Pet toys are an important part of your pet’s life. For both cats and dogs, toys can help combat boredom when you’re not around them and prevent problem behaviors from developing (does anyone chew on shoes?).

They can also provide comfort when your pet is feeling anxious and help stimulate the brains of growing pets that develop a variety of social behaviors when interacting with you and their toys. Using them is also a great way to bond with your pets.

In addition, there is also the benefit of physical exercise that pet toys provide. Collecting, chasing, hiding, and finding toys – all of these keep your pet active and busy. That is why more and more people are demanding changes in the pet products industry. And there is more information available than ever.

What can you do to make sure your pets’ toys are safer?

To ensure that our pet can play and be in contact with materials without plastic additives and that are not dangerous to their health, we can follow some of the following recommendations.

Pay attention to the numbers

Keep an eye out for the # 3 recycling symbol on the bottom of your products. This symbol indicates vinyl, and that’s something you’ll want to avoid. However, not having a number does not guarantee the safety of your pet, since toys without a recycling symbol can also be made of vinyl.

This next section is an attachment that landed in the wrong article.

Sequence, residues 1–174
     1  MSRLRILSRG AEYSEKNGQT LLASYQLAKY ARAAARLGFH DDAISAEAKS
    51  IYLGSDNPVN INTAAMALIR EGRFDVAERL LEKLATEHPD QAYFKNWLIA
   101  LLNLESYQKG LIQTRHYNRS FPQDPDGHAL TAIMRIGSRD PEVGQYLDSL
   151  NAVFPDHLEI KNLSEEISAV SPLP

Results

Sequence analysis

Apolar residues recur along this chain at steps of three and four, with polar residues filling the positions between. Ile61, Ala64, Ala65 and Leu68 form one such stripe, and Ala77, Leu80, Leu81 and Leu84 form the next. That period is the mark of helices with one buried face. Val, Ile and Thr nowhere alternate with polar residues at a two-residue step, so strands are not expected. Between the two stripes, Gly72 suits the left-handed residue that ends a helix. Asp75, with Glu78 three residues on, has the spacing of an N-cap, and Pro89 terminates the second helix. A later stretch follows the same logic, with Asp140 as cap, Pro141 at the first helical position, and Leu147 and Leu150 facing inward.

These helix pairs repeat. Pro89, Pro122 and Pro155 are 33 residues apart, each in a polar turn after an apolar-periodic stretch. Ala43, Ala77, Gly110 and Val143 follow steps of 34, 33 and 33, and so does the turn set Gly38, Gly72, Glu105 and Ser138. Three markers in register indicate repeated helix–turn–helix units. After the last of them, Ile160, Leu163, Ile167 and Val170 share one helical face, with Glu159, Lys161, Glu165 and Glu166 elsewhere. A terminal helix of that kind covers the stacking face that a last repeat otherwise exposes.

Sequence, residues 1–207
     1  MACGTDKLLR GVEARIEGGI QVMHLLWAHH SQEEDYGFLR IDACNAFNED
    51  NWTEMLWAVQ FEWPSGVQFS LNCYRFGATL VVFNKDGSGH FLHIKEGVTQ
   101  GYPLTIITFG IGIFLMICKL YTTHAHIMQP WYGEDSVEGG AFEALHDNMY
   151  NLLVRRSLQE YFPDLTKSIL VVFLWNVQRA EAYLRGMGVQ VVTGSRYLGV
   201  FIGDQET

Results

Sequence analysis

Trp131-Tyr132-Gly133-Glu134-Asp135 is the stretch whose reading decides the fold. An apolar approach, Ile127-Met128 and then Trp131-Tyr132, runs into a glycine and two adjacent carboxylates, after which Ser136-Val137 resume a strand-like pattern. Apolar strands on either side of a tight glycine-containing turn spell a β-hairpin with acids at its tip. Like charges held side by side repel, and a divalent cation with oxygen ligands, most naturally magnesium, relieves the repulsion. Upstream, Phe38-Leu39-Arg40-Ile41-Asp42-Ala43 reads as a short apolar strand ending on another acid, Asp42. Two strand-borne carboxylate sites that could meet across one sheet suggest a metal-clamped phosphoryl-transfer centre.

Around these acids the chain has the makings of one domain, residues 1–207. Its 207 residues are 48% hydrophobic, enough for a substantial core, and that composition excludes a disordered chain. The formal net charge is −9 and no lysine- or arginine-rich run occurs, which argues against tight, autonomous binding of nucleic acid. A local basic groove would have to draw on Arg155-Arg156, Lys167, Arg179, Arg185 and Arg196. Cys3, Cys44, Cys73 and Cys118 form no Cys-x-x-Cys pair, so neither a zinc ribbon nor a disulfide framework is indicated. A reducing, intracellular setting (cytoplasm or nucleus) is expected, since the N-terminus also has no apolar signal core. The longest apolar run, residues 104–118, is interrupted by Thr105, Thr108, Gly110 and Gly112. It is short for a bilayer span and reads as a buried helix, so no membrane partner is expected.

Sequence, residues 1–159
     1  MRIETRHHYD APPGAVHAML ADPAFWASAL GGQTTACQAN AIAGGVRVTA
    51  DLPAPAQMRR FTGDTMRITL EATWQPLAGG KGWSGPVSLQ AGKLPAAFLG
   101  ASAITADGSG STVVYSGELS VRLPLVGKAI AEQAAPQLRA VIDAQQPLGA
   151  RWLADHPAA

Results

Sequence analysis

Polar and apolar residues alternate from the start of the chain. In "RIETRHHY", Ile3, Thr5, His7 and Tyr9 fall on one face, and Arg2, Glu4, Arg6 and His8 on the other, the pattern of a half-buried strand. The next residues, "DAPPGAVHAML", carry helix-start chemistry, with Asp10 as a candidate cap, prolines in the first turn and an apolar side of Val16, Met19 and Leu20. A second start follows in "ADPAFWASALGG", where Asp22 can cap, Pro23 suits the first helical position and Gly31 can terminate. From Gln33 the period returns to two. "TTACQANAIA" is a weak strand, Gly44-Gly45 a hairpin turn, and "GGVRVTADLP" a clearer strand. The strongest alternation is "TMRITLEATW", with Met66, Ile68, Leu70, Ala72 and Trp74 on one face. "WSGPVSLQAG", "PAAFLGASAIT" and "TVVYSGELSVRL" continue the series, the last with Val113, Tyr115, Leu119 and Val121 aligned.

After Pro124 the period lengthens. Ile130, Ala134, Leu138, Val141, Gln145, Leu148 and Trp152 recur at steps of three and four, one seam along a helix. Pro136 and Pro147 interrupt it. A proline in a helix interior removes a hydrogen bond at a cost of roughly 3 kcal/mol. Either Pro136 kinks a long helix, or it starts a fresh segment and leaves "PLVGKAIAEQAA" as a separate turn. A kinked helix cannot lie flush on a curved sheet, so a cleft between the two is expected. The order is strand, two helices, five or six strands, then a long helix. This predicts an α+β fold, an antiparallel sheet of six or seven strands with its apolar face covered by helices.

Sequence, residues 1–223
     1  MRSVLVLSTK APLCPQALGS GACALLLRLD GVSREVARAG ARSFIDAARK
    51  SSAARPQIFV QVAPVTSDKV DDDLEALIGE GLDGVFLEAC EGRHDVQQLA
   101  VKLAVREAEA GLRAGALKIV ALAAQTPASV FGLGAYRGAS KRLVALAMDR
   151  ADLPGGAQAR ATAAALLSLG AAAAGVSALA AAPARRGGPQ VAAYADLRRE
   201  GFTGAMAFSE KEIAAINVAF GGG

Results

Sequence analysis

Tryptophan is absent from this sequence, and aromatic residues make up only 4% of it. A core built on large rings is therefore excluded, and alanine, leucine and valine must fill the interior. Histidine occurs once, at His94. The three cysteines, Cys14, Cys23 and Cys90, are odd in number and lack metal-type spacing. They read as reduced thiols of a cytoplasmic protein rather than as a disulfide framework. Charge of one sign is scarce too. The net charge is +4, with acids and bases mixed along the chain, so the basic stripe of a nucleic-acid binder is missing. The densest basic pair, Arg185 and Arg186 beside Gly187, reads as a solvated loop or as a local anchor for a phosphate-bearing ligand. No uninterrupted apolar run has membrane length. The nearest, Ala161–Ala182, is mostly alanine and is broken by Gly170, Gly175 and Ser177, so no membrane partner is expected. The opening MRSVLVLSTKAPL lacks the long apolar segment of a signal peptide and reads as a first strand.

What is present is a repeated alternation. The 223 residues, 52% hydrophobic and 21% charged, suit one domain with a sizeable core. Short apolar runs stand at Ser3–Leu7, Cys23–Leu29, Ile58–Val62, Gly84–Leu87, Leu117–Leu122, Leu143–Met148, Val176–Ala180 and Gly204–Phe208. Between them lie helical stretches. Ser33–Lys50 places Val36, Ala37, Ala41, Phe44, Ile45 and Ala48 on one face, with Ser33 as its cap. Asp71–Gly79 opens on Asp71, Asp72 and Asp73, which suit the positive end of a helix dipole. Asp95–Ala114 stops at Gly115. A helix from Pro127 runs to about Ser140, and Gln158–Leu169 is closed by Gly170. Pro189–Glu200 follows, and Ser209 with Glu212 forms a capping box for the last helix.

Check the labels

Buy pet toys with ingredients that are clearly labeled and avoid the ingredients listed above. If you can’t find the ingredients on your product’s label, call the manufacturer of the product and ask. Also look for the presence of formaldehyde, bromine, and melamine, which are equally harmful.

Stick with untreated products

The untreated material is very important. Take into account the way the toy is made, the way it is dyed, or if the manufacturing of its materials involves some kind of chemical extraction or cleaning process. All of that is important.

See the Material Safety Data Sheet (MSDS)

Many products or their ingredients have a Material Safety Data Sheet. This is a document that identifies any potential hazards associated with a product or ingredient. Check with the toy manufacturer about what they have available.

Stay with the natural

Natural hard rubber, latex (if your dog doesn’t have a latex allergy), hemp, and wool are good options for pet products that won’t introduce toxins to your pet.

You can also get creative and use old t-shirts or pillowcases. The Humane Society recommends giving your dog safe toys that he can shake, carry, roll, and make him feel comfortable.

Grow your own toys

Most pet owners know that pets love grass. They roll on it, play on it, chew on it… Fresh, organic grass is a natural treat that can satisfy your pet’s need to chew on something green while at home.

It is also a great detoxifier. Try growing a little for your dog (barley) or cat (wheatgrass).

A member of the family

Until regulations are in place to safeguard what pet stores and online retailers offer pet owners, it is up to you to ensure that the products you choose are as safe as possible.

By Dr. Eric Jackson

Dr. Eric Jackson provides primary Internal Medicine care for men and women and treats patients with bone and mineral diseases, diabetes, heart conditions, and other chronic illnesses.He is a Washington University Bone Health Program physician and is a certified Bone Densitometrist. Dr. Avery is consistently recognized in "The Best Doctors in America" list.